The stock market is a fast-paced, exciting, and often downright cruel place. On many occasions, Hollywood has provided us with interesting anti-heroes from Wall Street. Here are some of the most memorable. If only because, in 2022, a businessperson must be smart, brave and, of course, gritty if they want to succeed. And it’s fair to say that these days, we’re certainly witnessing stories fit for the silver screen.
Eddie Murphy was one of the most successful comedians of the eighties. In his second film, 1983’s Trading Places, he and Dan Aykroyd are a legendary pair. Billy Ray Valentine (Murphy) is a simple hustler from the other side of the tracks, while Lewis Winthorpe (Aykroyd) is a wealthy broker at the Wall Street firm of the Duke Brothers. The classic question: can you have a completely different career if you have the backbone to do it? The Duke brothers make a bet on whether Valentine, a born loser, can become as successful a businessman as Winthorpe if given the right environment, or whether the self-absorbed Winthorpe can become a penniless criminal if the tables are turned.
Oliver Stone’s first major film on the subject was Wall Street (1987). Stone’s films give a sharp impression of a world and a subject of his choice, be it the Vietnam War, the Kennedy assassination, or the sweaty and stressful world of the stock markets. After the film, Gordon Gekko’s name became a fixture on Wall Street: the ruthless, unbridled stockbroker who is still quoted and referred to on many occasions. Michael Douglas plays the manipulative, almost psychopathic character, who is undeterred by anything or anyone but success, but who is nonetheless weakened when he meets his new employee Bud Fox (Charlie Sheen), who reminds him of his younger self and takes him under his wing. Bud initially worships his master and tries to learn the stock market magician’s secrets. However, he discovers that Gekko has tricked him, and if he wants to avoid prison, he must trap his cunning adversary. The film won Michael Douglas an Academy Award, and thirty-two years later, a sequel (Wall Street: Money Never Sleeps) followed.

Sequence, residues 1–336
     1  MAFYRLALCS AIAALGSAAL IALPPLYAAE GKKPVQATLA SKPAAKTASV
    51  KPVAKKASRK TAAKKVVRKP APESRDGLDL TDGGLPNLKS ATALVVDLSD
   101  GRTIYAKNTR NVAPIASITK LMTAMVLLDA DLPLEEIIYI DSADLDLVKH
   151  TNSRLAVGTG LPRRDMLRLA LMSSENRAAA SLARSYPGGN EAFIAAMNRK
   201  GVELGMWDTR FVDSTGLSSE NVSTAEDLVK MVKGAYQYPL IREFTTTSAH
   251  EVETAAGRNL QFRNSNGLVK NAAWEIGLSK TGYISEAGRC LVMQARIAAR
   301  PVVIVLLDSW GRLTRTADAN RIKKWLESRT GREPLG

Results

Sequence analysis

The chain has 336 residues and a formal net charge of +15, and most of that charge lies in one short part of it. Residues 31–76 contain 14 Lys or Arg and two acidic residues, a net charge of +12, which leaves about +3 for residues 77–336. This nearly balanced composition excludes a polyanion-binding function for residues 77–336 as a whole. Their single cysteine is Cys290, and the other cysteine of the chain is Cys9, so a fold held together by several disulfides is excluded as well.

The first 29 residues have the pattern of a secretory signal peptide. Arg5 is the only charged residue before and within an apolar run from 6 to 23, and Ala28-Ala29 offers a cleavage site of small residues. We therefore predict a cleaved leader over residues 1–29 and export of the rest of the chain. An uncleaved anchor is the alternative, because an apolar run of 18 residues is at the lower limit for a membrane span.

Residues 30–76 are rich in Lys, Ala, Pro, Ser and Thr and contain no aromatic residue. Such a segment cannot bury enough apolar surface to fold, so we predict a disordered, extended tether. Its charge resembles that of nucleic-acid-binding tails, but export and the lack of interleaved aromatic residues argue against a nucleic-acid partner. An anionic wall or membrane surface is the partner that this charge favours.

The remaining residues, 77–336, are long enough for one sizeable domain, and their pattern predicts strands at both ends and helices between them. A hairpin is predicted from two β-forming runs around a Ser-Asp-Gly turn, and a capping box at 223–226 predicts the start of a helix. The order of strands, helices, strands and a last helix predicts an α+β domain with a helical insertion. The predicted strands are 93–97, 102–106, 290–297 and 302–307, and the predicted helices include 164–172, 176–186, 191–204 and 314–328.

The cult figure of Gekko was not an easy character to approach, but eventually, someone did. In 2000, the film American Psycho, based on the acclaimed book by Bret Easton Ellis, was released, with Christian Bale in the brilliant role of Patrick Bateman, a successful Wall Street banker who is intelligent, charming, tough and, not least, a genuine psychopath who, out of his model bourgeois self, murders his surroundings with selective cruelty. Because of the unpredictability of the protagonist, the film is very tense throughout, as we never know when he will erupt into aggression. No one is safe, be it a cheap prostitute or a wealthy finance acquaintance. Patrick Bateman snaps even when someone says no to him, and even when someone else’s business card is more stylish. He holds up a mirror to us and horrifies us because, for him, human life is worthless, everyone is a victim, and he is the one who decides the fate of others. Meanwhile, he is full of fear and pain; deep down, he longs for help and love. He is a monster with a beating heart somewhere, but he rarely listens.
Margin Call (2011) is not only an excellent portrayal of the 2008 financial and economic crisis, but also a pioneer among corporate cinema films that depict the internal mechanisms and conflicts of large corporations. Peter (Zachary Quinto) works as a risk analyst at one of the most influential investment banks. One day, almost everyone who works on the same floor with him receives a letter of resignation, including Peter’s boss Eric (Stanley Tucci), who hands Peter a thumb drive on his way out, telling him to look at the information on it, but to be very careful. On the flash drive is Eric’s latest work, in which he models the economic events of the coming days and the threat of a bigger financial crisis than ever before. Peter appeals to the heads of traders (Paul Bettany and Kevin Spacey) who know that if the analysis is correct, the whole stock market could collapse in the next few hours. One of the most memorable moments in Chandor’s film is when the banker asks for an explanation of what is happening, as if he were talking to a golden retriever.
The Wolf of Wall Street (2013) is one of the latest in Martin Scorsese’s long renaissance. Leonardo DiCaprio delivers one of the best performances of his career as the notorious stock market manipulator. He brilliantly portrays first the up-and-coming intern in the cheap suit, then the successful businessman at the top with a beautiful wife and a huge house, and finally the corrupt, drug-addled CEO who can’t stop. The story is true: Jordan Belfort (DiCaprio) started his career as an honest stockbroker, grasped the famous American dream and by the late 1980s was the owner of one of the largest brokerage firms, earning $1 million a week by the age of 26, and is now referred to as one of the most famous con men in the United States. The film itself was a worldwide sensation and, in addition to being one of the most humorous films of the year, it is an authentic portrait of an era and a world where nothing matters but profit!
The Big Short (2015) is probably the smartest and most informative film yet made about the 2008 financial crisis, with a star-studded cast that could have been enough for three movies. The film, based on the documentary novel by Michael Lewis, is a three-part, multi-perspective analysis of the causes of the crisis and the human manipulations that led to the financial -–and moral – nadir, with the help of such luminaries as Christian Bale, Brad Pitt, Steve Carell, and Ryan Gosling.